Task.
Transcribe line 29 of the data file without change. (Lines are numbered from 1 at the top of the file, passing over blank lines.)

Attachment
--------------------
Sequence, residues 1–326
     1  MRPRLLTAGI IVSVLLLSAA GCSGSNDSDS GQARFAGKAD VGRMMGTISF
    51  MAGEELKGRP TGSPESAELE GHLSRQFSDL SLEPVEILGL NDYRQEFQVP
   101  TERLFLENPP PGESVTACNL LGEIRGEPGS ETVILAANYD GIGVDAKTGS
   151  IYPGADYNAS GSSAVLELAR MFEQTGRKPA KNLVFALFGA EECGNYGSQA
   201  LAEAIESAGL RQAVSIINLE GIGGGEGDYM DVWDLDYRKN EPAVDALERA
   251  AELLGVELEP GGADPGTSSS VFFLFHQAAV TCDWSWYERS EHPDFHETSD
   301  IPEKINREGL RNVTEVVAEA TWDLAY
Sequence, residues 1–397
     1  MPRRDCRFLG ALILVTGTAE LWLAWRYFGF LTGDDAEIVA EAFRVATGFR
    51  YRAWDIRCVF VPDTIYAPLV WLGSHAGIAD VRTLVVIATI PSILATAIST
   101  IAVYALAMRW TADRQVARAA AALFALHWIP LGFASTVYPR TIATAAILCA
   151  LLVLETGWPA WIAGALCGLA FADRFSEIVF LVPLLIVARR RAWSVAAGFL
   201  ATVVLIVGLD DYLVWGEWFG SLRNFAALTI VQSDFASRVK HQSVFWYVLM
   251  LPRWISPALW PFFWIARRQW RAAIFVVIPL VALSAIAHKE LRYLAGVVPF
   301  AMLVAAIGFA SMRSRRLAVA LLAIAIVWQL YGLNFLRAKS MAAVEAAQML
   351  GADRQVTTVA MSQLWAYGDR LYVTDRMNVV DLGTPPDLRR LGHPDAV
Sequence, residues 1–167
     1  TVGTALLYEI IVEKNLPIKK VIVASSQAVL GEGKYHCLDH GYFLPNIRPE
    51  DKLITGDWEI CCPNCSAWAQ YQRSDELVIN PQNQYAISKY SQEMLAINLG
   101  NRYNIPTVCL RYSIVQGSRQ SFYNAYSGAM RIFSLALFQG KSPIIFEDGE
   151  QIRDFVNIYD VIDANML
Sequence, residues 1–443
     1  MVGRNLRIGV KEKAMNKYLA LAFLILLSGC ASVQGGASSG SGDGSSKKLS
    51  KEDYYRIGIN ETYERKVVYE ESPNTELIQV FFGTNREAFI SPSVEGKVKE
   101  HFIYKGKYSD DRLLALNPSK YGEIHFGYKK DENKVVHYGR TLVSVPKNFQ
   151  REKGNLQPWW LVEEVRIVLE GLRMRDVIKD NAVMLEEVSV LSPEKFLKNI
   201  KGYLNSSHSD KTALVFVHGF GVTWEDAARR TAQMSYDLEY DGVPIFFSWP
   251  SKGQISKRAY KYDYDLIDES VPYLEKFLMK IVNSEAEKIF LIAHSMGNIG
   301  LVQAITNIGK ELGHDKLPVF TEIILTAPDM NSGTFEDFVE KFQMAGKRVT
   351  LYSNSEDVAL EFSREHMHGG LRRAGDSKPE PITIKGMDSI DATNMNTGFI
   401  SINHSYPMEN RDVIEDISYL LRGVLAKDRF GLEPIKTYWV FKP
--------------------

   251  SKGQISKRAY KYDYDLIDES VPYLEKFLMK IVNSEAEKIF LIAHSMGNIG